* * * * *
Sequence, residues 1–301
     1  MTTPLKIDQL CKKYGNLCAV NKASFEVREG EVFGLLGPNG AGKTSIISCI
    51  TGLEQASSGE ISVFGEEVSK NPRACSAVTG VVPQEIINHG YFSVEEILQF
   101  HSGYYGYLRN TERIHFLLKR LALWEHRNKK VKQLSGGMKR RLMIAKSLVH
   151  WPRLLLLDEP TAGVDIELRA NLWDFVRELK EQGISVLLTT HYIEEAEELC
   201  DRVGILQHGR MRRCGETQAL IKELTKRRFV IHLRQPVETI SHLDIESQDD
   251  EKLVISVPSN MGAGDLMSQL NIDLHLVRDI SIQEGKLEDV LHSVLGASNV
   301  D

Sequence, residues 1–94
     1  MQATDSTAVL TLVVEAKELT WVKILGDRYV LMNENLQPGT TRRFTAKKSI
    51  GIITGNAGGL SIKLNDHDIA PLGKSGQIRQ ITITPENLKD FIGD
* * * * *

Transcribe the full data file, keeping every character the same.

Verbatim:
Sequence, residues 1–301
     1  MTTPLKIDQL CKKYGNLCAV NKASFEVREG EVFGLLGPNG AGKTSIISCI
    51  TGLEQASSGE ISVFGEEVSK NPRACSAVTG VVPQEIINHG YFSVEEILQF
   101  HSGYYGYLRN TERIHFLLKR LALWEHRNKK VKQLSGGMKR RLMIAKSLVH
   151  WPRLLLLDEP TAGVDIELRA NLWDFVRELK EQGISVLLTT HYIEEAEELC
   201  DRVGILQHGR MRRCGETQAL IKELTKRRFV IHLRQPVETI SHLDIESQDD
   251  EKLVISVPSN MGAGDLMSQL NIDLHLVRDI SIQEGKLEDV LHSVLGASNV
   301  D

Sequence, residues 1–94
     1  MQATDSTAVL TLVVEAKELT WVKILGDRYV LMNENLQPGT TRRFTAKKSI
    51  GIITGNAGGL SIKLNDHDIA PLGKSGQIRQ ITITPENLKD FIGD